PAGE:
A Complete Analysis Of Trump’s 91st Unpresidented Week As POTUS

The party founded by Lincoln now opposes everything Lincoln stood for.
President Donald Trump listens during a cabinet meeting in the Cabinet Room of the White House, Wednesday, Oct. 17, 2018, in Washington. (AP Photo/Evan Vucci)

President Donald Trump listens during a cabinet meeting in the Cabinet Room of the White House, Wednesday, Oct. 17, 2018, in Washington. (AP Photo/Evan Vucci)

The President of the United States takes an oath to protect the Constitution. That includes the First Amendment.

Whoever holds that office is supposed to represent American values, uphold human rights on the world stage, and be a beacon of basic human decency.

We’ve had flawed presidents throughout American history, but none have so utterly defaced the office of the presidency in the way Donald J. Trump has. Meanwhile, the party that Abraham Lincoln founded has become the epitome of the hateful ideals that Lincoln sought to cleanse from American discourse.

Of course, Trump is merely a result and symptom of the depraved disease that has plagued the GOP since the Southern Strategy. But Trump’s simple worldview, shamelessness, and lack of morals made him someone uniquely equipped to rip the GOP’s mask off in a way no other candidate could have.

Why is this intro to Unpresidented more forceful than usual? Because I’ve been writing this column for 91 weeks, analyzing over 600 days of this presidency, and at times it feels like I’m either documenting the fall of Rome or the wake-up call that will lead to a more awakened America. It oscillates between the two depending on the week. But one thing has remained consistent: there is truly no low to which Donald Trump is incapable of stooping and no length to which the GOP is unwilling to go to further this administration’s descent into indecent governance.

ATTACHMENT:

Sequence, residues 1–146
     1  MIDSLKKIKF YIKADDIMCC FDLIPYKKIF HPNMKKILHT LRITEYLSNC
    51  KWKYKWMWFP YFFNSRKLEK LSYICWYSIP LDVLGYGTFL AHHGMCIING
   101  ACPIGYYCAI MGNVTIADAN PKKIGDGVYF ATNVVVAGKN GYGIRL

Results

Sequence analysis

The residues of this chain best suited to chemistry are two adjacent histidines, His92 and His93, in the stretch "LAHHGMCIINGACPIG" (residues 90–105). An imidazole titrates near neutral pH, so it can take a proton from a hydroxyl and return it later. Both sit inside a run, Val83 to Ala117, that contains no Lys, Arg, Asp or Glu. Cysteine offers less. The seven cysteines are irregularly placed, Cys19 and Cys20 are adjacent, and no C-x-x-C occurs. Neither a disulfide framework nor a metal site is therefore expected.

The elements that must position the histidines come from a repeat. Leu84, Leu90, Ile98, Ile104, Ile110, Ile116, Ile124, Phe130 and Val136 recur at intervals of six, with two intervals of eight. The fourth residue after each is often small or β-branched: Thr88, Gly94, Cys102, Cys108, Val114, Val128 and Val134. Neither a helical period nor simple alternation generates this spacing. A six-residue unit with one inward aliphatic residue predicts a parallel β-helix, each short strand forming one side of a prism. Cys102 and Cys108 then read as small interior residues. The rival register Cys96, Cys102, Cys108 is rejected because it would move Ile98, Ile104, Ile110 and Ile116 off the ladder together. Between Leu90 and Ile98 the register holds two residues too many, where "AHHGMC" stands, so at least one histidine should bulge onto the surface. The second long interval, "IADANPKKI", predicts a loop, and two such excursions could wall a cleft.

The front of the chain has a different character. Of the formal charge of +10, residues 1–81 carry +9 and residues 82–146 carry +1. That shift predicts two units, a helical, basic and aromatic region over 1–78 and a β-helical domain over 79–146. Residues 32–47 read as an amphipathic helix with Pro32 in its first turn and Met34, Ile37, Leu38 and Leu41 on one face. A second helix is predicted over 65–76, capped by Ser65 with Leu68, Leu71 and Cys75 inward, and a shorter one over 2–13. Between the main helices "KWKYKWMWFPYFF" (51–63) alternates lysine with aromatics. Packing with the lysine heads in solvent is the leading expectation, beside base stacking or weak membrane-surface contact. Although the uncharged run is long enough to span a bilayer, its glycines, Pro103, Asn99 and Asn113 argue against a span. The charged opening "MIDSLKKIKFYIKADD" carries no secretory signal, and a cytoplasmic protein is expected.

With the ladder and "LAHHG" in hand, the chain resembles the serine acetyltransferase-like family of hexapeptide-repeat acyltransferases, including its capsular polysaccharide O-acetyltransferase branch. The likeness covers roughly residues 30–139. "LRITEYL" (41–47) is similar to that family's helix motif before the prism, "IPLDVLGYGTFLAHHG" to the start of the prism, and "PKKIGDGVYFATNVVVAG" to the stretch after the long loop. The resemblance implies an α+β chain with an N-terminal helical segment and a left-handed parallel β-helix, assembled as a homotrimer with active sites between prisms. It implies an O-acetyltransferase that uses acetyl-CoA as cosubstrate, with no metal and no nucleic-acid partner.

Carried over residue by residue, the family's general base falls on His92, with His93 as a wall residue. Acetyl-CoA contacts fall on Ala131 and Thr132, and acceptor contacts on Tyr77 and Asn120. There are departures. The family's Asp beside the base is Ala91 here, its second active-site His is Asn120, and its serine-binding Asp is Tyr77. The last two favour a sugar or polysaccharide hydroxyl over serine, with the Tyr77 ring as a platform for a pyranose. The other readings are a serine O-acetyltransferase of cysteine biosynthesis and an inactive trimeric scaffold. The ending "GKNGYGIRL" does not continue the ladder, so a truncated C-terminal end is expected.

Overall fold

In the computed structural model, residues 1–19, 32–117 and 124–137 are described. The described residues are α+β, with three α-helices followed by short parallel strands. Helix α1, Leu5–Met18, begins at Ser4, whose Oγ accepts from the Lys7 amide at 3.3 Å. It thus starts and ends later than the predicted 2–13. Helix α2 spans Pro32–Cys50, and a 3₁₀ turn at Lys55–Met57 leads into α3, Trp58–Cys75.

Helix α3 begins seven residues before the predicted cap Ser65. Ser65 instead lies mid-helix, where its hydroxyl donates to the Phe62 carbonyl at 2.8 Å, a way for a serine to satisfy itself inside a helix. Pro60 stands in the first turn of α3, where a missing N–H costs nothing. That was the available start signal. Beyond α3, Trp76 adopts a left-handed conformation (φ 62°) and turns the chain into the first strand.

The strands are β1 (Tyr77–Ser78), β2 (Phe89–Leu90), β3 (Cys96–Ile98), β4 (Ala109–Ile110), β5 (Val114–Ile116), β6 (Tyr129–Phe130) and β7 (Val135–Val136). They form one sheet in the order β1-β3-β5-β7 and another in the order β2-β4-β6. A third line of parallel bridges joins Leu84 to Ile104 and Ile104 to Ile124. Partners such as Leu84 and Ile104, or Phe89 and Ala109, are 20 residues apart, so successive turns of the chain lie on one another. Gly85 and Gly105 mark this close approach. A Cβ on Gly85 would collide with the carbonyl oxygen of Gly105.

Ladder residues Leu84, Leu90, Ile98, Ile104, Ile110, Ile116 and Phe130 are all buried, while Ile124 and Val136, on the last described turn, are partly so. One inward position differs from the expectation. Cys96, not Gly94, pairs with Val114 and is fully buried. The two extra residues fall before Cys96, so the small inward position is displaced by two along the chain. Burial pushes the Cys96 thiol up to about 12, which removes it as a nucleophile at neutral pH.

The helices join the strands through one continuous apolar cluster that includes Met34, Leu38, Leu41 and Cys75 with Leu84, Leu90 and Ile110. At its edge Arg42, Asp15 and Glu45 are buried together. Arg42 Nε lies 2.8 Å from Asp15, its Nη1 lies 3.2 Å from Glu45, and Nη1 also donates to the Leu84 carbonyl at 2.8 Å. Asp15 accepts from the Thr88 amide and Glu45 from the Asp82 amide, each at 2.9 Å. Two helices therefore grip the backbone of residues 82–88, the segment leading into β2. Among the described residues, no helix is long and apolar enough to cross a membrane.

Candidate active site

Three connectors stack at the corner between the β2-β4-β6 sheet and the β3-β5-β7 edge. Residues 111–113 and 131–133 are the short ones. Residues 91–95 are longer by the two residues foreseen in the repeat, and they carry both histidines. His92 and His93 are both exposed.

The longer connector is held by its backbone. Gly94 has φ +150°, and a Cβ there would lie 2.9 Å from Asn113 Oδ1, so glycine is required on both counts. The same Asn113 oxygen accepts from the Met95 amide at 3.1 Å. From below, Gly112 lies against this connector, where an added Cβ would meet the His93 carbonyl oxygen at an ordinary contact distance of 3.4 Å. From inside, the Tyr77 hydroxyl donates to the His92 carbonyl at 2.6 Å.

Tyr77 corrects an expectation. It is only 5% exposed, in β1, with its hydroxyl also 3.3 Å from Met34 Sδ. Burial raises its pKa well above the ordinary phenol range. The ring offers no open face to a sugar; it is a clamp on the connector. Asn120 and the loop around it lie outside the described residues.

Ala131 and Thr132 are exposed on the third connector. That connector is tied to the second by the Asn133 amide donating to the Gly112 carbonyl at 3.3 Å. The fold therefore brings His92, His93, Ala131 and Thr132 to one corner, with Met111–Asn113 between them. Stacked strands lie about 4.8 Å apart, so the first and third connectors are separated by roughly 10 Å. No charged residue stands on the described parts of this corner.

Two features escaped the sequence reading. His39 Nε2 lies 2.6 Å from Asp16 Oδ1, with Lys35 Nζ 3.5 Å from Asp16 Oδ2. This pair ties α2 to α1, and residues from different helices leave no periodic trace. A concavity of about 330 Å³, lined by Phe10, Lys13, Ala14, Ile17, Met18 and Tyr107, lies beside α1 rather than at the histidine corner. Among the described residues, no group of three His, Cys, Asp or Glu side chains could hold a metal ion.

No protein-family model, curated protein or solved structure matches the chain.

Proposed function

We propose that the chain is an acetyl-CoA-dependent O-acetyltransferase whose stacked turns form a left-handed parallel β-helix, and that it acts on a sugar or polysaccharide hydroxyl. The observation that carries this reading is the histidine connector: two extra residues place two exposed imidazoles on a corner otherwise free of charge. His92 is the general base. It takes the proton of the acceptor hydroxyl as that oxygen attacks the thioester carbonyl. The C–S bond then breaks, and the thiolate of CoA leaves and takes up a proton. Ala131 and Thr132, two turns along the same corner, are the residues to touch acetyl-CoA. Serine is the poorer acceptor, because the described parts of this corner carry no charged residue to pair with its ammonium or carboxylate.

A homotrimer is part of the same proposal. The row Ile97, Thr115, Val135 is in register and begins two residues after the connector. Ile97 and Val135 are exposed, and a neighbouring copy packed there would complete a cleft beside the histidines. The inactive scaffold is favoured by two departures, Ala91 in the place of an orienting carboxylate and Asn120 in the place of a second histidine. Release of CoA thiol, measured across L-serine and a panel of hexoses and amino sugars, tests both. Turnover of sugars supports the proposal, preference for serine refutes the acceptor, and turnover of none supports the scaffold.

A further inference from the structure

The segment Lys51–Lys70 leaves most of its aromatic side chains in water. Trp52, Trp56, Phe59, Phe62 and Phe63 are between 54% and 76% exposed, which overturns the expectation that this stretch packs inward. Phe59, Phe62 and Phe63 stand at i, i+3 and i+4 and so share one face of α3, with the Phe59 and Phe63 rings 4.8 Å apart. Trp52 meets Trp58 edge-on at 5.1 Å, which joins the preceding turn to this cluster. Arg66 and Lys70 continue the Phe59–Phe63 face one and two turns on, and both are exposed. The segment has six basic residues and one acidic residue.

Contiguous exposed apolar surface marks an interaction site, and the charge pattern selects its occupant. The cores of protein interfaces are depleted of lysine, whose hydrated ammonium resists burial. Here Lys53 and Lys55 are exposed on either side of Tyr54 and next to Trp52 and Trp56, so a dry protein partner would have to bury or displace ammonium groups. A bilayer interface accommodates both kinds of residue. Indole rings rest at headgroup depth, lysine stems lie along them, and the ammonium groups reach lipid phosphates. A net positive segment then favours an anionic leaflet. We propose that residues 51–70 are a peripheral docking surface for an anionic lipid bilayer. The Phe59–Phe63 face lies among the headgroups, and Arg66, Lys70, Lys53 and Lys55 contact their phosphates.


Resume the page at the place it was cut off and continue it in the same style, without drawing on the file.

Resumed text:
This was the week President Trump defended Saudi Arabia and didn’t condemn them for their murder of US resident, and Washington Post columnist, Jamal Khashoggi.

It was the week Trump hypocritically called Democrats an angry mob and then praised GOP Congressman Greg Gianforte for criminally body slamming reporter Ben Jacobs.

It was the week Trump called Stormy Daniels “Horseface” and said it didn’t matter that he mocked Dr. Chistine Blasey Ford’s sexual assault allegation because he “won.”

It was the week Trump continued his fear-based message, coined his new catchphrase “jobs, not mobs,” and claimed this election is about Kavanaugh and the caravan.

It was also the week Senate Majority Leader Mitch McConnell (R-KY) blamed the deficit his GOP tax cut for the rich caused on Medicare, Social Security, and Medicaid, signaling their funding needed to be cut.

It was yet another week that reminded millions of Americans that the current majority party does not represent their best interests. When a leader’s main message to you is “MS-13 is coming to take your children while the politically correct Democratic mob is going to beat you up,” you need to be very suspicious of their motives. This is the same GOP propaganda machine that told you Obama was going to take your guns. You still have your guns, right? Charlatans resort to fear when they want to distract you from their agenda.